Thinking that intelligence and good ideas are enough to succeed. It’s the very rare exception when these two things (and these two things alone) generate anything worthwhile. I’ve learned that real success comes from time, effort, hard work and persistence. I mean, you certainly need good ideas, and intelligence/smarts/savvy/whatever helps tilt things in your favor, but the absolute best thing you can do once you have a viable idea is to get to work at it. Put in the time, sweat it out, build relationships, make connections, fail, fix, fail again, fix again, and go forward step by step. After a while you’ll look back and realize how far you’ve come and what you’ve accomplished while the smart guy with the good idea is still sitting on the couch playing video games.
What is one business idea that you’re willing to give away to our readers?
A job board for projects 20 hours or less that people will do for free. Anyone can request web design or copywriting or engineering help for a one-time fee to list their project on the site. Producers will do it for free in order to gain experience, portfolio projects, recommendations, connections, referrals, and freelance or full-time work. Those who own the platform will do very well. Listers get cheap, quality work done, producers get all of the above. It’s a win all the way around. Catchafire.org is doing something like this, but there’s a way to go bigger and better and more profitable. Think about it.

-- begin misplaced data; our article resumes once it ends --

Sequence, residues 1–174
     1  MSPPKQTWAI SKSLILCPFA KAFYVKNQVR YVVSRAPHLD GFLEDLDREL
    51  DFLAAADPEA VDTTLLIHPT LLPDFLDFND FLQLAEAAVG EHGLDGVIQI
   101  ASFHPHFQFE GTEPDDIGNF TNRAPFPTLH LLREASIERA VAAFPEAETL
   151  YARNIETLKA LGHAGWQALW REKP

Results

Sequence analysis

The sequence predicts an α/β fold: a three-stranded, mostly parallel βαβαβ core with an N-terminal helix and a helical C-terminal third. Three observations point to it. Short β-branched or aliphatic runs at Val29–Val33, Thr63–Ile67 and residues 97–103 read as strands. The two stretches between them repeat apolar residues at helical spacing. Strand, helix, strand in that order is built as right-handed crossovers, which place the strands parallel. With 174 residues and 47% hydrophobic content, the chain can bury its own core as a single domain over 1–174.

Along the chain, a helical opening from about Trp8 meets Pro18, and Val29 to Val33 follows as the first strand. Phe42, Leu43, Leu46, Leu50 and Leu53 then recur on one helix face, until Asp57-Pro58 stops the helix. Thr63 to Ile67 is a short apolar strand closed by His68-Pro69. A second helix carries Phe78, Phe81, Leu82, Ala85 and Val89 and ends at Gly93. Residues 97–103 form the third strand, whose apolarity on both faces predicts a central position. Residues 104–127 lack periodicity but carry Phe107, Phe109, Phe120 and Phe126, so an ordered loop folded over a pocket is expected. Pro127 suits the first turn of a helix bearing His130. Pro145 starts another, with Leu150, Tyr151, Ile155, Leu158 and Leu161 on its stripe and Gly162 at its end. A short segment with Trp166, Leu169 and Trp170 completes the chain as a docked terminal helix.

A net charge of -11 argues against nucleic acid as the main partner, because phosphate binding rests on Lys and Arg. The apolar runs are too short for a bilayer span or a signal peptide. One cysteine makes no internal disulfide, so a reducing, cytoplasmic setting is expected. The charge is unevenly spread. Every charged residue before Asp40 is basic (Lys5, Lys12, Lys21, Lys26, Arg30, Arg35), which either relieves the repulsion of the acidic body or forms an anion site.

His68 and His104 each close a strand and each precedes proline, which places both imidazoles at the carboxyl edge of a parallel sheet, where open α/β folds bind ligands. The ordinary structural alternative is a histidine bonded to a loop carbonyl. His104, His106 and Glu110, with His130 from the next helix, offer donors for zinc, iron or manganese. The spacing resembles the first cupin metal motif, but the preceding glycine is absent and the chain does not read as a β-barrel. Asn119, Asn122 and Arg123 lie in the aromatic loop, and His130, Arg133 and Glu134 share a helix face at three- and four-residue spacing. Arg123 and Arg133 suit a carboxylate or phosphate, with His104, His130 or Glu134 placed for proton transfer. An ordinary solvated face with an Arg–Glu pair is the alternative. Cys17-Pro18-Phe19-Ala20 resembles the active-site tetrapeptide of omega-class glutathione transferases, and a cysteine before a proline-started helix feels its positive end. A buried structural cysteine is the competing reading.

What is one book and one tool that helps you bring ideas to life?
You know, I don’t read many business/lifehacking/self-help/DIY/marketing/idea books. I try to, but I usually end up reading about 50 pages, taking some notes, and then never picking them up again. I would probably have to say that one of the most influential books I own (and I buy very few books) in terms of ideas is Expose 7, filled with amazing examples of digital art. Check out some examples here. These images inspire me to think about things not as they are, but as they could be. They stir my imagination, and from that swirl of ideas sometimes come some good ones for the real world. As far as tools, I really use just three: my mind, a pencil, and a notepad. Not very high-tech over here, but it gets the job done.
Who would you love to see interviewed on IdeaMensch?
Jessica Jackley, the co-founder of Kiva. The sticker on her laptop has inspired me for years. “LOVE WINS.” Also, she keeps thinking and expanding with new ventures based on her original ideas. We’re similar in that way, and I really like that.
Do you get a lot of criticism over the fact that Love Drop isn’t a 501(c)3 charity?